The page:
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Getting Your Foot in The Door

– Posted in: Biz Booster Hot Tip! Book the Gig
Getting Your Foot In The Door
Getting Your Foot in the Door - by Jeri Goldstein     

Getting your foot in the door is a constant struggle for so many artists who want to open new markets.

Building that elusive “buzz” regionally is so important and really lays the groundwork for getting your foot in the door.

Here are a few ideas to begin incorporating into your booking process.

  1. When beginning to expand further out into your region, make it a habit of inviting the bookers at the venues you want to play, to come see you at a gig you are already playing. It’s quite likely they won’t take you up on the invite, but that doesn’t matter. What this does is begin to establish, in their minds, that you are working at clubs they heard about and perhaps even know the owner or booker of that club. So, you start building a relationship without even asking them for a gig. They get to recognize your name and most importantly they see that you are playing.
  2. Find a band you know who is playing at the venue you want to play and work out a gig swap with the band to have them invite you to open for them at their gig and you in turn, have them open for you at one of your gigs. This introduces each of you to a new audience as well as the venue booker you are trying to impress.
  3. Turn to your friends or fans in the towns where you want to play, ask them to call the venue and ask when they plan on having your group, or have they ever considered having your group. When the ticket buying public begins to demand an artist, then the bookers take notice. So, get on your social media accounts and build your fan base in markets you want to play. Then nurture those fans to help create a demand for your act in their towns.

 

Venue bookers are highly motivated to take a chance on a new act when they get referrals from other bookers who have had the act, when fans are clamoring to hear an act and when the media is writing cool things about an act. Build your buzz so when you call or email or send material, your reputation has preceded you. They will return your calls and give you a shot at that point. There needs to be a perceived market value for a booker to invest in an un-tested act.

With so many acts to choose from, they are mostly going to stick with acts they know will bring in their fans and sell tickets.

Give these strategies a try next time you are targeting a new venue and getting your foot in the door may just have become much easier.

How have you solved this problem when opening a new market or attempting to get into a new venue?

Leave me a comment below.

I can’t wait to hear about your success.

Thanks to Carol Ehrlich for this week’s graphic image. Check out her work at v360.com.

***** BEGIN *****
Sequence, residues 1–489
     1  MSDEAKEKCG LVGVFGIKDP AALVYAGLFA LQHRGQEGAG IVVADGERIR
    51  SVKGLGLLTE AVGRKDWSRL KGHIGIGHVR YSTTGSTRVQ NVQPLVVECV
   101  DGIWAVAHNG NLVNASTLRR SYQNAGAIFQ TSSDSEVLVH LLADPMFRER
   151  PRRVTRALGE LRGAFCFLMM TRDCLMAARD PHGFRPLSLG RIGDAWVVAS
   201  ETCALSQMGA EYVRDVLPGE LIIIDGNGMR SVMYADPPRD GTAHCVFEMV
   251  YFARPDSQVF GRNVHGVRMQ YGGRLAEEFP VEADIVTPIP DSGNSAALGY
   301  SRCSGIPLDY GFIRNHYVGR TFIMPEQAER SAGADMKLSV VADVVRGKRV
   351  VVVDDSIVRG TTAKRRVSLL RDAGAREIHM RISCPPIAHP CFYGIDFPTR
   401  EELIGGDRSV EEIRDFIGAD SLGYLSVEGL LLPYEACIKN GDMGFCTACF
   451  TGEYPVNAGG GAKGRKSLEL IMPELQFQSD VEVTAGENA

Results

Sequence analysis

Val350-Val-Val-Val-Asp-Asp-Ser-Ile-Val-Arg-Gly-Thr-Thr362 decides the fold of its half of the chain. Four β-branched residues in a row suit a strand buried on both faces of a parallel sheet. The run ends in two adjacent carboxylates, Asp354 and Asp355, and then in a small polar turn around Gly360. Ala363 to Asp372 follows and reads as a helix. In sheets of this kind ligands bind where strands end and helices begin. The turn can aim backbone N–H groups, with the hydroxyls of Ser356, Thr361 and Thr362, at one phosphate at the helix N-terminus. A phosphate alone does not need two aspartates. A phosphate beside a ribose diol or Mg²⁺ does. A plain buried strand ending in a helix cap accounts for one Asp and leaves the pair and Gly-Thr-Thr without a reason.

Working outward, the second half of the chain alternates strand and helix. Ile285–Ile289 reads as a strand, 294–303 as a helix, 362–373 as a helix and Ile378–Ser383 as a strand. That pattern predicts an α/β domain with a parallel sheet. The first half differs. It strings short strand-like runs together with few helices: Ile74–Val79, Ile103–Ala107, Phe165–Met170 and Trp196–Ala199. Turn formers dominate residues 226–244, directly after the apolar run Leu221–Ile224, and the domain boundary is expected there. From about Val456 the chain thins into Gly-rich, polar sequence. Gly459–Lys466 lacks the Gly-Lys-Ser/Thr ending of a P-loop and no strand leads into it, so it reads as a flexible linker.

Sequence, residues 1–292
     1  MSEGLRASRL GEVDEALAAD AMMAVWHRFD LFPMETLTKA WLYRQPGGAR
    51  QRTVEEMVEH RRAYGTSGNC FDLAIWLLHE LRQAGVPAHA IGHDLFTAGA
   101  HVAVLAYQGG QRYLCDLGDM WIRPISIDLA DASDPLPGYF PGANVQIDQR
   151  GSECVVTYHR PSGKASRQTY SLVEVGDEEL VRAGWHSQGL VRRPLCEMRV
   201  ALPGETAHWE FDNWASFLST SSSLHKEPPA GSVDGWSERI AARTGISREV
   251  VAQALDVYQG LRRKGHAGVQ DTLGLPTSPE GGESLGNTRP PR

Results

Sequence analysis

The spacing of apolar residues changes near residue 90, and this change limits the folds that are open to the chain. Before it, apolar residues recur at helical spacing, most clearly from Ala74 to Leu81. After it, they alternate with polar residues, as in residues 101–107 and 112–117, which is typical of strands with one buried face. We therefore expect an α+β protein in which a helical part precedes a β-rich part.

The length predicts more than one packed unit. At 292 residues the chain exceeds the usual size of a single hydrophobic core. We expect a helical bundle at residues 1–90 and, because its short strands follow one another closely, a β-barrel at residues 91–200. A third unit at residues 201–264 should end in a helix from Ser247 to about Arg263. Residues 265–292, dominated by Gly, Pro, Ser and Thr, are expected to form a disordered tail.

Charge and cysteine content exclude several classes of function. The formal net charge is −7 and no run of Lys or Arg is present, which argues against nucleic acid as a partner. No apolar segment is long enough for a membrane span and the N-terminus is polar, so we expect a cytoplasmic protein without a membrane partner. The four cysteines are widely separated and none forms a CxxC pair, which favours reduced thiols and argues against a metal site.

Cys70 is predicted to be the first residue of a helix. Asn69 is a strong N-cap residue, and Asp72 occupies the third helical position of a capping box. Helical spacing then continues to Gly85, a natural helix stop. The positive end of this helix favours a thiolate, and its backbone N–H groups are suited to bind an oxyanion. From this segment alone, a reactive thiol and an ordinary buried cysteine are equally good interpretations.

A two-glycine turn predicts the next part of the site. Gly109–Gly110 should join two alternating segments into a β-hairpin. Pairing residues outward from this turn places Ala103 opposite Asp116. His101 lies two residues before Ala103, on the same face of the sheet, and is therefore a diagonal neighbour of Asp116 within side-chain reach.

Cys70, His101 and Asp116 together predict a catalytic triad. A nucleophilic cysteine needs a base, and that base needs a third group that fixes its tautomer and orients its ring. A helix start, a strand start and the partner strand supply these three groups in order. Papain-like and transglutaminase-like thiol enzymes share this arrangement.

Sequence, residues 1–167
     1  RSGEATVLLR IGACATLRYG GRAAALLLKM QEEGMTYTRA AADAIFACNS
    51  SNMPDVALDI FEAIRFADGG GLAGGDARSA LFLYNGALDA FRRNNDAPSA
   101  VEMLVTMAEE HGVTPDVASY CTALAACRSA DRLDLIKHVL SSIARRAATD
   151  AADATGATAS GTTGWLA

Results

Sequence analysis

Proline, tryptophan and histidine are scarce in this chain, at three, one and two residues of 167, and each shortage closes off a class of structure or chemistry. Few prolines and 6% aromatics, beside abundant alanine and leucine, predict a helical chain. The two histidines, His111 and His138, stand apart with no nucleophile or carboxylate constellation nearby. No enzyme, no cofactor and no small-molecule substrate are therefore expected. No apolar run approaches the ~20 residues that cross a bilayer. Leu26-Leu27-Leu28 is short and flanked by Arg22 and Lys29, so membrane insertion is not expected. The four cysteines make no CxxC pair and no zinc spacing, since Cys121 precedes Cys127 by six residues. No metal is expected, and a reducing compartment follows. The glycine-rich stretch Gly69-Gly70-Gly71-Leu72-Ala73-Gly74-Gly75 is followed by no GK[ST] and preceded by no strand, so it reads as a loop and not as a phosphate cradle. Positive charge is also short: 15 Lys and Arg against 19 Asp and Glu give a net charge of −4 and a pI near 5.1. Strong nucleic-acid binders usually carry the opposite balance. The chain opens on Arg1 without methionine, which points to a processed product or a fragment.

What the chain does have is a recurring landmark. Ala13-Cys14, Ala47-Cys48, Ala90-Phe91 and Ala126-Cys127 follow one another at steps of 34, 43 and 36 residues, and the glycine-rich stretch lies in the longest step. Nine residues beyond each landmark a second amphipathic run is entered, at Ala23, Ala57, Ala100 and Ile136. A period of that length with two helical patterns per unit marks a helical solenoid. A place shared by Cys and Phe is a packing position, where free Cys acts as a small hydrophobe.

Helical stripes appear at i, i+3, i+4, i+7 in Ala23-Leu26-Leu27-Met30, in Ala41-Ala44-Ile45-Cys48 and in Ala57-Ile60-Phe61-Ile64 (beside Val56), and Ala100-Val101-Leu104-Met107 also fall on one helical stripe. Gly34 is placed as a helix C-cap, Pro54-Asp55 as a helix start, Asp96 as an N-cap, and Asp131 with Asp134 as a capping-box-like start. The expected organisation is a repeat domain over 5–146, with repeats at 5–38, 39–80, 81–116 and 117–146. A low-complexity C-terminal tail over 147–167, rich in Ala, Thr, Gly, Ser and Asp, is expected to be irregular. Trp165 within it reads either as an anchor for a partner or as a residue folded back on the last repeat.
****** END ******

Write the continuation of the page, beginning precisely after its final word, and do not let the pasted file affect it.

Now, Thanks to the Band Curfew from the UK for providing the Biz Booster theme Music, “Future Dance.”

And for more career boosting tips, articles, books, resources and online courses, visit me at Performingbiz.com

2 comments… add one
  • Deborah March 16, 2020, 10:47 am

    Jeri…this suggestion is not related to today’s topic, but one that is a new problem for entertainers. Due to the Coronavirus…venues are canceling all performances in my area (Eastern PA). Those of us who depend on this income have never experienced anything like this. Any suggestions for us, when booking new events is not a priority to any of the venues, which are closed for business as well…and losing money. This is especially a problem for those who perform for the senior community right now, and will probably extend well beyond everything else that is shut down. Thank you & stay well.

    • Jeri Goldstein March 16, 2020, 12:59 pm

      Hey Deborah,
      I’ve been having these discussions with many artists all over the US and in other countries where their gigs have also been cancelled.
      I’m working on a post right now to address this issue and offer some creative ideas to consider.

      The first thing to do though is to make a list of all the various types of gigs you were scheduled to do. Are they cancelled or postponed until further notice. Check back with those venues and clarify that distinction. Once you clear that up, and no one knows today what any entertainment scenario will look like tomorrow, you might at least have the conversation about being back in touch when this situation changes and potential gigs postponed now, could be rescheduled.

      Next step is to start thinking about how to employ the amazing technology we have available and take our performances virtual. These are the details I’m writing about, so stay tuned and I’ll have this post up in the next day.

      Meanwhile some of the platforms you might explore are:
      Facebook Live
      Zoom.US
      Google Hangouts
      Squadcast.com
      and even Skype

      Thanks for your inquiry and stay well. Get out into the fresh air, walk, get some sun on the warm days in your area.
      Jeri

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